Golf Course Management

FEB 2016

Golf Course Management magazine is dedicated to advancing the golf course superintendent profession and helping GCSAA members achieve career success.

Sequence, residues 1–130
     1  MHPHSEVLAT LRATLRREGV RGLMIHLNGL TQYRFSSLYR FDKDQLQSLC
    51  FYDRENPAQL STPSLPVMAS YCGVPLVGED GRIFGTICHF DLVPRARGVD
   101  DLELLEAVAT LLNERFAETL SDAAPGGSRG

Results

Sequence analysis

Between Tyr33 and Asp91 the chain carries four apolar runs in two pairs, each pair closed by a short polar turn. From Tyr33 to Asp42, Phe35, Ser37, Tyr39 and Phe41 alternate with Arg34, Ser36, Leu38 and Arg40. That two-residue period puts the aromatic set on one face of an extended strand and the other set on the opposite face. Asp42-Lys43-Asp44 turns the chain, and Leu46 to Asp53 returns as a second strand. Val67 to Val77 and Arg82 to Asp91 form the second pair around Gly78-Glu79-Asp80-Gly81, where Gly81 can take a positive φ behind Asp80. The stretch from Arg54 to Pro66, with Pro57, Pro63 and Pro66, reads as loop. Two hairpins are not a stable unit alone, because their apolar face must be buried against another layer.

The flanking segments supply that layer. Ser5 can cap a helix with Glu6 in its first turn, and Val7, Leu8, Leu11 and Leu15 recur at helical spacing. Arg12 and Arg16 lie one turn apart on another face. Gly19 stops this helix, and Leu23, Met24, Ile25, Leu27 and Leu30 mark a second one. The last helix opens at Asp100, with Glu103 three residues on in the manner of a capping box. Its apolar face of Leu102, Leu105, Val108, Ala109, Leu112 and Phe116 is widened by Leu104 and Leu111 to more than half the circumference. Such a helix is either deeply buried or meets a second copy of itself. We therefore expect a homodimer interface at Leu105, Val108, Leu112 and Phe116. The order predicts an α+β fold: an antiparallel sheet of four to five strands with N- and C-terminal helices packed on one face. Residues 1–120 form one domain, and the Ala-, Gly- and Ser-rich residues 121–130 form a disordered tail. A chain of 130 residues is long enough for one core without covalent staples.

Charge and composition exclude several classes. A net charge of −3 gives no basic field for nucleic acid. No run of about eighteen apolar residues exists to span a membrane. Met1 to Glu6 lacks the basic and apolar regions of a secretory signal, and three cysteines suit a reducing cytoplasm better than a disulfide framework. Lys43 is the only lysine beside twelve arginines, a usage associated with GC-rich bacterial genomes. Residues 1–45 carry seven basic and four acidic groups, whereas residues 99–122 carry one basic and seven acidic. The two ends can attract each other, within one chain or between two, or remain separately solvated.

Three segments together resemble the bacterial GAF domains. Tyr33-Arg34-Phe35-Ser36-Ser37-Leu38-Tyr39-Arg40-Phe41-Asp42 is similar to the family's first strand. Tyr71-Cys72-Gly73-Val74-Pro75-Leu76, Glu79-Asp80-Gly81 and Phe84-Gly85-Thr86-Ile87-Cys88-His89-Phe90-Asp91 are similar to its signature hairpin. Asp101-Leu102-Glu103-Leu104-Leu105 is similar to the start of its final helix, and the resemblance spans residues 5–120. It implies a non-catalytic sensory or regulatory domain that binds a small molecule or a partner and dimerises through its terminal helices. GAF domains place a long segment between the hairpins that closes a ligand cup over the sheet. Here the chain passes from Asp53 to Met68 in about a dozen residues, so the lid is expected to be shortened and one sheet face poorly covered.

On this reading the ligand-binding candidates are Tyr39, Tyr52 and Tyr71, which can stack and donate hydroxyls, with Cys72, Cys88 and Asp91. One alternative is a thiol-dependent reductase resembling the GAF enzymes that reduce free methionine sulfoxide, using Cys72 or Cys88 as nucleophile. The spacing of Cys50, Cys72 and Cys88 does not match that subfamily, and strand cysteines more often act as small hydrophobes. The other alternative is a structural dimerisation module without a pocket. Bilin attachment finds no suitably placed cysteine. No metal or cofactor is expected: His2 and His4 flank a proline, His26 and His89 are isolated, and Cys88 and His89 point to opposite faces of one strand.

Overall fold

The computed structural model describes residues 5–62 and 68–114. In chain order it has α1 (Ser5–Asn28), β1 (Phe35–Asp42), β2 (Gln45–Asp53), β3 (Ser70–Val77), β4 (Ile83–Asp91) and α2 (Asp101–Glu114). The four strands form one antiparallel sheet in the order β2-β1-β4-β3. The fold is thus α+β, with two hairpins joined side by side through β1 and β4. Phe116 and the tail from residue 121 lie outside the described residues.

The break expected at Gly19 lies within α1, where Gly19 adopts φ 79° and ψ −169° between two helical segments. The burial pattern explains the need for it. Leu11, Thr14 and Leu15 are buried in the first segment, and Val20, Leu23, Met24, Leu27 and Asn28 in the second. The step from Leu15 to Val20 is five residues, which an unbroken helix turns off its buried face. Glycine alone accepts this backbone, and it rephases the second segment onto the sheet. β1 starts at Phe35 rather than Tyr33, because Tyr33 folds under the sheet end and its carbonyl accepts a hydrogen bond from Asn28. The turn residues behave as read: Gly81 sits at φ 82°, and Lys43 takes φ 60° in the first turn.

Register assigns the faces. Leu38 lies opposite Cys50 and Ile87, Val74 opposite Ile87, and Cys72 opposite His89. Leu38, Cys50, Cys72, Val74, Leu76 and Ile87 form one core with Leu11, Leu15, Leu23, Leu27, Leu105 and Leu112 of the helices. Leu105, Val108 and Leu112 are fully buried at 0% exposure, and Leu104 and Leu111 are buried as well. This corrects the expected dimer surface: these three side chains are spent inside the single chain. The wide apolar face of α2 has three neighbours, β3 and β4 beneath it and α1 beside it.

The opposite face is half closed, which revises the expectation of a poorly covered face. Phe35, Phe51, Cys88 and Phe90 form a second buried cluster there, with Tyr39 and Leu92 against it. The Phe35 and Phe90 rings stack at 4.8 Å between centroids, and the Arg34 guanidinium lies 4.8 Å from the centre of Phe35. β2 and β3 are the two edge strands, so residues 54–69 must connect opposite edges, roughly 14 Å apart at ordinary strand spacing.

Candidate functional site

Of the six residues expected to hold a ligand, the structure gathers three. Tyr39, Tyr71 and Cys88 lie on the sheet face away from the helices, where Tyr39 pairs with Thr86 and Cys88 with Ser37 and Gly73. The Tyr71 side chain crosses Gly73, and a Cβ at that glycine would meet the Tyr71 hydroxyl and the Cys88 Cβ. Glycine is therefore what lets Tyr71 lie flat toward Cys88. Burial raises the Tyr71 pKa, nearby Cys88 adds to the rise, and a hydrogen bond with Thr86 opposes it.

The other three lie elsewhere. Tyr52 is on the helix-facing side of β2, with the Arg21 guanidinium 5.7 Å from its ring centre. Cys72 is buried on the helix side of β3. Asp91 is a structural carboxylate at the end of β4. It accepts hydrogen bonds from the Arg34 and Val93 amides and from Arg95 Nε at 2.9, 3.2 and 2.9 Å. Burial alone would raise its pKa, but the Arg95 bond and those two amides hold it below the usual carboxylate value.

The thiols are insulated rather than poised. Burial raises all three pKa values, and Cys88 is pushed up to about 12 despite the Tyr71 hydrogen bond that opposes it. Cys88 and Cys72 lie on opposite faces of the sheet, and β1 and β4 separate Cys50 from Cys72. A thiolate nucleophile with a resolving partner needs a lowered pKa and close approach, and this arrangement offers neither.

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106 GOLF COURSE MANAGEMENT 02.16 The high shoot density of the bentgrass helped intercept and store water when com - pared with the lower shoot density and up- right growth of the perennial ryegrass. Inter- estingly, although one could view infltration as the opposite result of runoff (if water does not run off, it should infltrate), grass species was never observed to affect differences in infltration. Methods of measuring infltra - tion are highly variable, and such results are fairly common in research. To further explore this, an additional experiment was conducted. In this experiment, which used small sloped trays of turf, bentgrass retarded the fow of surface runoff through its vegetation signif - cantly longer than ryegrass. It was also found that bentgrass (94 tillers/square inch [1,410 tillers/square decimeter]) intercepted 113% more water than ryegrass (17 tillers/square inch [260 tillers/square decimeter]), and that the high water-holding capacity and increased hydraulic resistance of bentgrass thatch slowed runoff initiation. The bentgrass thus provided a more tortuous pathway for water movement, which increased resistance and, in turn, increased residence time and allowed for greater infltration. In the end, a mature (2-year-old) sward of bentgrass turf managed as a fairway was more effective for reducing runoff than simi - larly managed perennial ryegrass. It should be noted, however, that any turfgrass cover was better than none, as runoff in any treatment was never more than 22.5% of applied water. For golf courses in the vicinity of environmen - tally sensitive areas, this work clearly shows the ability of established turfgrass (and especially creeping bentgrass) to lessen water runoff from fairways. Source: Linde, D.T., T.L. Watschke, A.R. Jarrett and J.A. Borger. 1995. Surface run - off assessment from creeping bentgrass and perennial ryegrass turf. Agronomy Journal 87:176-182. Beth Guertal, Ph.D., is a professor in the Department of Crop, Soil and Environmental Sciences at Auburn University in Auburn, Ala., and the editor-in-chief for the American Society of Agronomy. She is a 19-year member of GCSAA. Beth Guertal, Ph.D. Twitter: @AUTurfFert Run away with me (verdure) If you want to stop or slow water runoff — and possible subsequent soil erosion — you know what works really well? Turfgrass! Plant residue and vegetative covers have been used for this in road construction and farming for years, and although turf was also known to slow surface runoff and sediment transport, information about the utility of a fairway for this purpose was not well documented. So, in the early 1990s, Doug Linde, Ph.D., and Tom Watschke, Ph.D., at Penn State University de - cided to examine how well creeping bentgrass and perennial ryegrass performed for limiting runoff from fairways. The research plots were located in an area with 9% to 11% slope, and every plot was in - dividually drained into collection chambers designed to measure the varying amounts of runoff over time. Plots were seeded in July to either creeping bentgrass or a perennial rye - grass blend, and they were mowed at 0.75 inch (19 mm) and maintained like a typical fairway. Here's the deal with runoff research: Often, natural rainfall does not produce suf - fcient moisture for substantial measurable runoff to occur, so researchers force runoff by irrigating each plot until runoff occurs. In this case, irrigation was applied on selected dates at 6 inches (152 mm)/hour to create measur - able runoff. This is considered a worst-case scenario, but it allows researchers to compare treatments. For this experiment, forced run - off events were initiated about three months after seeding (October) and then continued for another year. Collected data included run - off volume, time to frst runoff, tiller density and infltration. Greatest runoff, regardless of turf spe - cies, occurred at the frst irrigation event at three months after seeding. At this date, the immature turf had not yet produced signif - cant tillers or stolons (bentgrass). The effects of turf species on runoff differences were not evident until about a year after seeding (May) by which time, the bentgrass had greater til - ler density and had begun to produce stolons. This greater shoot density resulted in reduced runoff volumes from the bentgrass as com - pared with those from ryegrass. An additional help in reducing water runoff from the bent - grass was the fact that the bentgrass produced water-sorbing thatch, which the ryegrass never did during the two years of the study. A mature sward of bentgrass turf managed as a fairway was more effective for reducing runoff than similarly managed perennial ryegrass.

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